YOU ARE HERE: LAT HomeCollections

Inside the NFL | Sam Farmer / ON THE NFL

Saints Rebuild, Reap Reward

October 26, 2002|Sam Farmer

Ricky Williams? Gone. Pro Bowl tackle Willie Roaf? Gone.

Pro Bowl defensive tackle La'Roi Glover, Pro Bowl defensive end Joe Johnson, Pro Bowl linebacker Keith Mitchell? Gone, gone, gone.

It isn't so astounding that the New Orleans Saints are 6-1. What's astounding is how they got to be 6-1. After an epic collapse at the end of last season, they got rid of several of their best players the way someone would part out a totaled hot rod.

"As players, we were thinking, 'What the heck is going on?' " said center Jerry Fontenot, who has been with the Saints since 1997, longer than anyone else on the roster. "It's not our job to make any personnel decisions, but we just figured, well, they must have something in mind."

Turns out, they did. General Manager Randy Mueller, who himself made it only until May, then was fired, and Coach Jim Haslett cleaned house after an embarrassing finish to the 2001 season and did a remarkable job rebuilding the team through free agency and the draft.

The Saints traded Williams to Miami on draft day, promoting second-year running back Deuce McAllister, even though he was largely untested. They drafted scorching-fast receiver Donte Stallworth, who scored touchdowns in his first four games before suffering a hamstring injury. They moved Kyle Turley from right to left tackle and gave him the responsibility of protecting the blind side of Aaron Brooks. They signed defensive tackle Grady Jackson, who has jaw-dropping quickness for a 330-pound man. They kept mercurial receiver Michael Lewis, the former beer truck driver who two weeks ago returned a punt and a kickoff for touchdowns.

But mostly, Haslett & Co. built their team around players with character, crucial for an organization that basically quit in the last three games of last season -- losing to Tampa Bay, Washington and San Francisco by a combined score of 136-21.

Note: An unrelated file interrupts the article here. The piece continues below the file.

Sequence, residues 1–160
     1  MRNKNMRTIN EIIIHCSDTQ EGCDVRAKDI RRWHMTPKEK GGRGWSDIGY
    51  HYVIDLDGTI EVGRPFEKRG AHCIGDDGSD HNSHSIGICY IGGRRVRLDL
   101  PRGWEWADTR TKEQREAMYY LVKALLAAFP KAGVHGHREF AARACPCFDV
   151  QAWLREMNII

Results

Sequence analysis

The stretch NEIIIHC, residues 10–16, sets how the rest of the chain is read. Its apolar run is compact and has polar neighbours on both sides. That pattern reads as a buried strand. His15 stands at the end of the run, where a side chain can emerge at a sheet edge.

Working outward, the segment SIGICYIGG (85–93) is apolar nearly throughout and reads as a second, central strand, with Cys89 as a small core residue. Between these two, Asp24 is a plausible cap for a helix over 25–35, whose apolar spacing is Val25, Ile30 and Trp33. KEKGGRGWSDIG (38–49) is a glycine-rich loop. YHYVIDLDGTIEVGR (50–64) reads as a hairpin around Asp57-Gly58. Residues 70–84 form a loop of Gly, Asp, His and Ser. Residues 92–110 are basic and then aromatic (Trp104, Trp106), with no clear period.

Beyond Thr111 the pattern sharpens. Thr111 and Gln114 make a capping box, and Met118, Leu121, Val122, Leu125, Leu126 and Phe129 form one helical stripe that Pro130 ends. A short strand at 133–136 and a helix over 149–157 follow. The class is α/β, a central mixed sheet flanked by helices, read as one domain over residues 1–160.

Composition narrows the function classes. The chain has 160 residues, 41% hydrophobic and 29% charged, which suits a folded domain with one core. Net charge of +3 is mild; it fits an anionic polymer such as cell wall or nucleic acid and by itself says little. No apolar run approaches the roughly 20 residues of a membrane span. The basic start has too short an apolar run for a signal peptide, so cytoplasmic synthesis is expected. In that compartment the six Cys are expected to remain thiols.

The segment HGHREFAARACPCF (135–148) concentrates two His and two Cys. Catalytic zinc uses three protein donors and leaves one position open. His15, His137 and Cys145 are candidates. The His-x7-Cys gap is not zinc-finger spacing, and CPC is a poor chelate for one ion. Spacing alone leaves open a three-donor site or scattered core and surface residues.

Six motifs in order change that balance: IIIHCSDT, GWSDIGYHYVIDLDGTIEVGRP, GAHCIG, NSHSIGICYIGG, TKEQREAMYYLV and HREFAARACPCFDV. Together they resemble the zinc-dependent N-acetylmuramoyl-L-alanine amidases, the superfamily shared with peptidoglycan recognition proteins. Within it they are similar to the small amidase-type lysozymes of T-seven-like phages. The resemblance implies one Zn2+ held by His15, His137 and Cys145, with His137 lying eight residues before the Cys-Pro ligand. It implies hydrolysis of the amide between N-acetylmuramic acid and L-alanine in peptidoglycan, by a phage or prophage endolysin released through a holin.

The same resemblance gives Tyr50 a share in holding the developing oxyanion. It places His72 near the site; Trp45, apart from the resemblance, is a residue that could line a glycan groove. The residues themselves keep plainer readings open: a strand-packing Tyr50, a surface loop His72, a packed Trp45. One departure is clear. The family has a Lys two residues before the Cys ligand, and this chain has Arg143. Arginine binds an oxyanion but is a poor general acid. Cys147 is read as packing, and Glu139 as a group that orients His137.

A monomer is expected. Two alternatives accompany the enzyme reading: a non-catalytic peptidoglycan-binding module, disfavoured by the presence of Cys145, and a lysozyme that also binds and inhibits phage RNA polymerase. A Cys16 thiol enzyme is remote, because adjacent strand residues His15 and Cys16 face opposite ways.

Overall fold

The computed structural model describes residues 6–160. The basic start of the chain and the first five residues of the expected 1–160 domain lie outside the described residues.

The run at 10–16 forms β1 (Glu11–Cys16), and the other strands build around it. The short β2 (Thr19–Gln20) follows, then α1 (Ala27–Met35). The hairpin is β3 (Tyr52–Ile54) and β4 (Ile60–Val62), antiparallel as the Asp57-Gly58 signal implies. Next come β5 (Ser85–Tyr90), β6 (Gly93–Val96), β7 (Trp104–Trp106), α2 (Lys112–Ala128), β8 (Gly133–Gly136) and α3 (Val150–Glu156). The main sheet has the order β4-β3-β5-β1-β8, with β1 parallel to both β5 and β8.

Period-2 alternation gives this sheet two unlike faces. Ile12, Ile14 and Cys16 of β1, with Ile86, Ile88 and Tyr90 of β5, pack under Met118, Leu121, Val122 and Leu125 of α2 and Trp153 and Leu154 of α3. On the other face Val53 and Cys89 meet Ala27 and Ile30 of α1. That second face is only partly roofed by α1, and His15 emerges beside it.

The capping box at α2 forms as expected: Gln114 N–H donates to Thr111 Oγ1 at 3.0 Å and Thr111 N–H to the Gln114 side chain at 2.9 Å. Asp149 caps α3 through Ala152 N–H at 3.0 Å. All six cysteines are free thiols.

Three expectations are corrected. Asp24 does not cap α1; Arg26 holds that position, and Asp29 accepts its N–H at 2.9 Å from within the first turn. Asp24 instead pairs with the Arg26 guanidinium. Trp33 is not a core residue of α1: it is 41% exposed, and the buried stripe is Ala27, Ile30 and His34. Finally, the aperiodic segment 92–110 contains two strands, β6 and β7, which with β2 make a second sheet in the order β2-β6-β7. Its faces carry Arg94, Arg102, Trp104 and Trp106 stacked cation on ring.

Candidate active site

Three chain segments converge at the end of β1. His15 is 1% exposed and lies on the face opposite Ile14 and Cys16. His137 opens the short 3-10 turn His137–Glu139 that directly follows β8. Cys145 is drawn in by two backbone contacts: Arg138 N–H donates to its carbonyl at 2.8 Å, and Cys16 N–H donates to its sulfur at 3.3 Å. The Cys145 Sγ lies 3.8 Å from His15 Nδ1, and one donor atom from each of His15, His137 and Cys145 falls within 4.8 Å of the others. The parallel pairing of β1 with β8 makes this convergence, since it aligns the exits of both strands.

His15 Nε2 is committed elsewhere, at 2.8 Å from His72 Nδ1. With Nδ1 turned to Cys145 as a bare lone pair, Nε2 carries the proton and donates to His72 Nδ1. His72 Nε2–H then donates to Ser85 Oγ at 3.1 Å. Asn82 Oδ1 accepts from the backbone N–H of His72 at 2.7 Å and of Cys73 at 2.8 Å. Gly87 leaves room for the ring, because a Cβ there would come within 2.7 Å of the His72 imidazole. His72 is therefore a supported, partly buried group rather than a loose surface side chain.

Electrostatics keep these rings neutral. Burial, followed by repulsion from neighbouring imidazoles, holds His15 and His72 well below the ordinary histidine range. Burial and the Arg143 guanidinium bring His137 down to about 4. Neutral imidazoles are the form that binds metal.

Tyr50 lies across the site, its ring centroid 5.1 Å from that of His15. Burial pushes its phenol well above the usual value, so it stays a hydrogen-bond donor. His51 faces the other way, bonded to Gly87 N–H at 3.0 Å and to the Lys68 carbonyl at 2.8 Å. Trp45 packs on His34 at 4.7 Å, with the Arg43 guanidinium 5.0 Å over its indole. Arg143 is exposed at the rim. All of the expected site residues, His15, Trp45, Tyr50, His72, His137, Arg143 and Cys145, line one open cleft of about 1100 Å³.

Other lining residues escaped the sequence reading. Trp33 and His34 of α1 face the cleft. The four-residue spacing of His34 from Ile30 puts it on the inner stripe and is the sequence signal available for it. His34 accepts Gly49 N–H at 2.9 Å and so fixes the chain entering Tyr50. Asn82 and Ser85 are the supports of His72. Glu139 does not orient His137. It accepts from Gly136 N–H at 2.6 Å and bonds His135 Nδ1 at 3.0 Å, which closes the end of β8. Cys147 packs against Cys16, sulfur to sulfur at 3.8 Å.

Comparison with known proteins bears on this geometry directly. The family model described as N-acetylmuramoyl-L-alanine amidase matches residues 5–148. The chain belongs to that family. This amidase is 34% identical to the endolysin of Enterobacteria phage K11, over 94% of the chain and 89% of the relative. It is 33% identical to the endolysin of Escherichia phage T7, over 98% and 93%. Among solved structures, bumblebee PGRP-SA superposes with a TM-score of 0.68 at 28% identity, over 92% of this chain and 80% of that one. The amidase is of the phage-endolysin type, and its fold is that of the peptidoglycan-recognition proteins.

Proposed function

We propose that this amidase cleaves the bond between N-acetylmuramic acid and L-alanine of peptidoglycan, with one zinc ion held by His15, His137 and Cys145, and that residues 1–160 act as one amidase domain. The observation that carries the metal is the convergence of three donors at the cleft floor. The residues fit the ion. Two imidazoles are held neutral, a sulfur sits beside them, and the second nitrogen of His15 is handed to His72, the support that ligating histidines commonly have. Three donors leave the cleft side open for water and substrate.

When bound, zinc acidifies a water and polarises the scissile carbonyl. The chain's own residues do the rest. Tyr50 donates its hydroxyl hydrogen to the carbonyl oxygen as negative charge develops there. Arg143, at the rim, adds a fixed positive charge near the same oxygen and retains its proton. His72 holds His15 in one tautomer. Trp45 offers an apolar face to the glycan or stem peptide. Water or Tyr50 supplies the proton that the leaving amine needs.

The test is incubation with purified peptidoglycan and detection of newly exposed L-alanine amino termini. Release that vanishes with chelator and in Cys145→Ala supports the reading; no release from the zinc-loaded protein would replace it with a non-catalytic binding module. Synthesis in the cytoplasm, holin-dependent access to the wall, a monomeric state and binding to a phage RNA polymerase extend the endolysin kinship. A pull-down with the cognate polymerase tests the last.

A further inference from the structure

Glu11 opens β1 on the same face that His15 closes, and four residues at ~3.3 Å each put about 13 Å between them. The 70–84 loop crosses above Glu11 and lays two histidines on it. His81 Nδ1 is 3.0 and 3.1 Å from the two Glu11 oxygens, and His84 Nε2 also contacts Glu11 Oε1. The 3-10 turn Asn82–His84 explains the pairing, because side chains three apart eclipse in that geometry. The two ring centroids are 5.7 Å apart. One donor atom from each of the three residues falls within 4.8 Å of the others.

"We had guys, in a way, that just quit on the team," McAllister said. "We had guys that didn't want to be here, and our main focus was to get the guys out of here who didn't want to be here.

"Obviously, we felt like we weren't headed in the right direction as an organization and some changes had to be made."

So far, following the blueprint has worked beautifully. Not only have the Saints emerged as one of the best teams in the league, they have beaten the Buccaneers, Redskins and 49ers, their three tormentors at the end of last season.

"That bitter taste hasn't left anyone's mouth," Fontenot said. "Don't think for a second that that's not a motivating force. No one wants to get back to that feeling we had."


Roski Ready and Willing

In the effort to bring the NFL back to Los Angeles, no one has invested more -- emotionally or financially -- than real estate magnate Ed Roski, who spent millions to promote the Coliseum when L.A. was outbid by Houston and was a principal in the South Park coalition.

All the setbacks haven't soured him on the goal.

The man Forbes magazine lists as the 239th-richest American, with an estimated net worth of $950 million, gets up early each Sunday morning, goes for a run, then, like any regular Joe, plops in front of the TV, grabs the remote and watches football all day.

"I'd like to get back involved with anything that we could do to bring an NFL team back to Los Angeles," Roski said this week. "It's a complicated process in California, not just in L.A."

Roski is quick to point out that L.A. isn't the only California city that faces major hurdles in getting a football stadium built. Just look at the state's three NFL franchises -- in San Diego, San Francisco and Oakland -- each of which wants a new stadium or out of its lease.

Roski believes in an L.A. solution that's unpopular with many league executives and team owners.

"I think the Coliseum is an excellent option," he said. "I wouldn't have spent my time and money there if I didn't. Although I don't want to think about how much I spent on that now. One of those bad dreams."

Another South Park coalition member, Casey Wasserman, has made it clear he has no interest in spending a dime to promote the Coliseum. And, besides building a Carson sports complex that will serve as the summer home of the San Diego Chargers, Denver billionaire Philip Anschutz has no interest in stepping back into the NFL quicksand.

But Roski is ready and willing to give it another go. He favors the Coliseum, hasn't given much thought to the Rose Bowl, and is always open to the thought of a third site -- as long as the city is ready to make one concerted push behind a single project.

"If I could figure a way to do it at my house, I'd do it at my house," he said. "All of us really want to see a team back here. We have some constraints we have to live with, but let's just do it. Let's get going."


Cool and Limpid Green (Bay) Eyes

Los Angeles Times Articles